Step 3. Click on the Submit button to see the predicted result. For example, if you use the three query pairs in the Example window as the input, after clicking the Submit button, you will see on your screen that the “hsa:2099” NR and the “D00066” drug are an interactive pair, and that the “hsa:2908” NR and the “D00088” drug are also an interactive pair, but that the “hsa:5468” NR and the “D00279” drug are not an interactive pair. All these results are fully consistent with the experimental observations. It takes about 3 minutes before each of these results is shown on the screen; of course, the more query pairs there is, the more time that is usually needed.
Step 4. Click on the Citation button to find the relevant paper that documents the detailed development and algorithm of iNR-Durg.
Step 5. Click on the Data button to download the benchmark dataset used to train and test the iNR-Durg predictor.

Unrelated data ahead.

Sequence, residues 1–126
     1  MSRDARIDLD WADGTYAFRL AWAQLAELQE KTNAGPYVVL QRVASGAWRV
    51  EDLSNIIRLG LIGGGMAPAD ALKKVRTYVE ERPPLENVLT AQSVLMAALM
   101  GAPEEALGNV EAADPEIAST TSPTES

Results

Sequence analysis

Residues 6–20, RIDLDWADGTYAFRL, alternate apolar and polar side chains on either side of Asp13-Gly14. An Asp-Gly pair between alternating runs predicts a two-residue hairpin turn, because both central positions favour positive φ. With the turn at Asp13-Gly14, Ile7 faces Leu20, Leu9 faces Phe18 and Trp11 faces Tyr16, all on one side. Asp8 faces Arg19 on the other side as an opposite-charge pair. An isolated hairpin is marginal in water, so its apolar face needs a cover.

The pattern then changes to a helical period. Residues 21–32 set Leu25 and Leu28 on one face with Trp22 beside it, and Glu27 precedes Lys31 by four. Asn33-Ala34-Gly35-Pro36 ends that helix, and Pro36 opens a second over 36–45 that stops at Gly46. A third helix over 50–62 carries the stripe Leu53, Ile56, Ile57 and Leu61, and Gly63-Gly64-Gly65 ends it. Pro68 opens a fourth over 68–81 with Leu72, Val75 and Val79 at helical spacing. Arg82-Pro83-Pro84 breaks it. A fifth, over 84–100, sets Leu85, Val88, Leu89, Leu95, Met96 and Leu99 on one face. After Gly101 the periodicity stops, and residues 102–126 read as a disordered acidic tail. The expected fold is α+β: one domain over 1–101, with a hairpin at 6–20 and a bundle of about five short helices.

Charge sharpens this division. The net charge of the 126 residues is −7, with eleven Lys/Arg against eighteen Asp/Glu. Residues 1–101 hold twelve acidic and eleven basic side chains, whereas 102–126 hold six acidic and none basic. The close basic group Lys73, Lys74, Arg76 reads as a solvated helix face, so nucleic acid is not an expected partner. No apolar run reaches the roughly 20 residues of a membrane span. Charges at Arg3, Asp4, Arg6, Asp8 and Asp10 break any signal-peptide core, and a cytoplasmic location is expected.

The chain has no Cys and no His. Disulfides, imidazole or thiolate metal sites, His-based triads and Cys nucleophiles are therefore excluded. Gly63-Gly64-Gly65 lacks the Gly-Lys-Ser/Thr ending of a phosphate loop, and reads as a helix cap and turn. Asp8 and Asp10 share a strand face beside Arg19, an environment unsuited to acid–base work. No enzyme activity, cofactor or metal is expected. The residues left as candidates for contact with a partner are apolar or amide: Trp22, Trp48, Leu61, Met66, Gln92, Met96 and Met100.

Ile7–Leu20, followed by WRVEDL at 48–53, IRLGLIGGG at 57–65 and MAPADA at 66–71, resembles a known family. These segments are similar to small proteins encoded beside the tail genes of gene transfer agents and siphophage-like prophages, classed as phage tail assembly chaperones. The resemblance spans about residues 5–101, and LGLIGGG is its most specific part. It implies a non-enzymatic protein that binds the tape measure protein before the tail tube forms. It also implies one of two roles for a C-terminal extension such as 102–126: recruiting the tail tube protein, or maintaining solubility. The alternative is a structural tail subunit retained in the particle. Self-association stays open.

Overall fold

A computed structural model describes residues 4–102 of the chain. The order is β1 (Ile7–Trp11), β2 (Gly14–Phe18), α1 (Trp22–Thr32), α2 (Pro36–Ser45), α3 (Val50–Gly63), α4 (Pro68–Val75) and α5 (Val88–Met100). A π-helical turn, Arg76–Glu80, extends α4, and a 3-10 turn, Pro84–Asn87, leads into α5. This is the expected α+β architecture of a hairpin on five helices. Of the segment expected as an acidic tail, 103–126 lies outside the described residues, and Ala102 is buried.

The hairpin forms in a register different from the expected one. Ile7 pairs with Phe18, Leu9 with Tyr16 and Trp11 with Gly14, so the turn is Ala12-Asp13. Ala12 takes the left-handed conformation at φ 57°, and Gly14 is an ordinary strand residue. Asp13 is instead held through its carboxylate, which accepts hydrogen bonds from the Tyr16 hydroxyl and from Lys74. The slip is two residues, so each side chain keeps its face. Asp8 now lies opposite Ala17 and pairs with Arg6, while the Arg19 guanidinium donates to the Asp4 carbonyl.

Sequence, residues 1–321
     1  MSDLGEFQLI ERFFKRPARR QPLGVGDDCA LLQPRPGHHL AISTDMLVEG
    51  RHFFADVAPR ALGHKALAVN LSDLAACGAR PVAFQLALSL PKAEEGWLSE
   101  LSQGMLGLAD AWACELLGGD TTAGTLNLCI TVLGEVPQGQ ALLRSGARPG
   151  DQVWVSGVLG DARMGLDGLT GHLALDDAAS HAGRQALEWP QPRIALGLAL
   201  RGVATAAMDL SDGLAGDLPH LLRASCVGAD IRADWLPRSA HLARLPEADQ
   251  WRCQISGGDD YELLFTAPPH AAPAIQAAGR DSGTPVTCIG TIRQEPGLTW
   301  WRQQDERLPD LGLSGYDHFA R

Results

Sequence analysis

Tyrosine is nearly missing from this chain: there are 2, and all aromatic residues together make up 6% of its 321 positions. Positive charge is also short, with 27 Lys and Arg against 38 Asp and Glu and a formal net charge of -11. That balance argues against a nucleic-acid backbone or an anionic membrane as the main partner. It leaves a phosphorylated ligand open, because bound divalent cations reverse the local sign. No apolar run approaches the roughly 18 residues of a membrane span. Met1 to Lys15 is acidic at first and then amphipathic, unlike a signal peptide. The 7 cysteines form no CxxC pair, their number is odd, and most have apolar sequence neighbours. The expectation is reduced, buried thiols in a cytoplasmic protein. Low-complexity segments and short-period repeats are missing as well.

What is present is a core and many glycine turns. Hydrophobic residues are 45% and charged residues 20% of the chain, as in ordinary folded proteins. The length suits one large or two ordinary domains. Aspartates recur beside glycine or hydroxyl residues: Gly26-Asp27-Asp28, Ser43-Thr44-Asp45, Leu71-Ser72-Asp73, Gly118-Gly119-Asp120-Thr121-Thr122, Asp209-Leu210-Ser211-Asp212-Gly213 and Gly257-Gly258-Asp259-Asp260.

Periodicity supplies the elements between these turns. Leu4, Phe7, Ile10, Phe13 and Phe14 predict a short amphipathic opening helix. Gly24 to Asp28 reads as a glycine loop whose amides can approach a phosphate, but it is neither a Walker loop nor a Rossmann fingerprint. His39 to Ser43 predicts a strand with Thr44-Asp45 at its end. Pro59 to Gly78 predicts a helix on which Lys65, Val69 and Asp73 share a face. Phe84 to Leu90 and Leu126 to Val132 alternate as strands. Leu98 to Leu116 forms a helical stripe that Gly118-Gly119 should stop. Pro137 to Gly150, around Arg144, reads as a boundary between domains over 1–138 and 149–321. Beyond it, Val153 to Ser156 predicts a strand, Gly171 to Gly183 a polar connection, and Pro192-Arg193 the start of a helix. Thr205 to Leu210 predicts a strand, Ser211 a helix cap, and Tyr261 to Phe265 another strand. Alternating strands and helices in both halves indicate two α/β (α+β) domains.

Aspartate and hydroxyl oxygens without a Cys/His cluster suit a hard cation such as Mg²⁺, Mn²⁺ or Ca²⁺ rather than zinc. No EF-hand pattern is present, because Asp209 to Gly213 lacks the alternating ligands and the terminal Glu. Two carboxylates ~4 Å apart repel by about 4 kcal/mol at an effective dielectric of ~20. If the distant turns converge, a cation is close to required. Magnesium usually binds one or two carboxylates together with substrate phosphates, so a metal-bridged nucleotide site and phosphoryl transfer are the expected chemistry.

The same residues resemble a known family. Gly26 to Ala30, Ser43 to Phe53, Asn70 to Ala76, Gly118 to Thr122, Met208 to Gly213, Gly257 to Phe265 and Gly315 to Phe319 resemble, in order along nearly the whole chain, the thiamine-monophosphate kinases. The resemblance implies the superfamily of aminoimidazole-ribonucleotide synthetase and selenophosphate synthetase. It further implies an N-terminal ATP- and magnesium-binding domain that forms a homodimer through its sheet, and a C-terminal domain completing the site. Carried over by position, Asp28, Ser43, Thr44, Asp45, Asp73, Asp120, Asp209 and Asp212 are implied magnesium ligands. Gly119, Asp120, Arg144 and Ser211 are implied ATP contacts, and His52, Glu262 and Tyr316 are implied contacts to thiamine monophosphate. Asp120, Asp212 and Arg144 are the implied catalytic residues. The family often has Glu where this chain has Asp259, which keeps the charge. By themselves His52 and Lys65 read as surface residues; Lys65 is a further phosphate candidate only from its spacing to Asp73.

Step 6. The program code is also available by clicking the button download on the lower panel of Figure 4.
The authors would like to express their gratitude to the three anonymous reviewers, whose constructive comments are very helpful for strengthening the presentation of the paper. This work was supported by the grants from the National Natural Science Foundation of China (No. 31260273), the Province National Natural Science Foundation of Jiangxi (No. 2010GZS0122, No. 20114BAB211013 and No. 20122BAB201020), the Department of Education of Jiangxi Province (GJJ12490), the Jiangxi Provincial Foreign Scientific and Technological Cooperation Project (No. 20120BDH80023), and the Jiangxi Provincial Foundation for Leaders of Disciplines in Science (20113BCB22008). The funders had no role in study design, data collection and analysis, decision to publish, or preparation of the manuscript.
Conflicts of Interest
The authors declare no conflict of interest.
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|Table 1. The jackknife success rates obtained iNR-Drug in identifying the interactive NR-drug pairs and non-interactive NR-drug pairs for the benchmark dataset (cf. Supplementary Information S1).|
|Metrics used for measuring prediction quality (cf. Equation (23))||iNR-Drug a||Method by He et al. b|
aThe parameters used: C= 23 and γ= 2−9 for the SVM operation engine;bSee .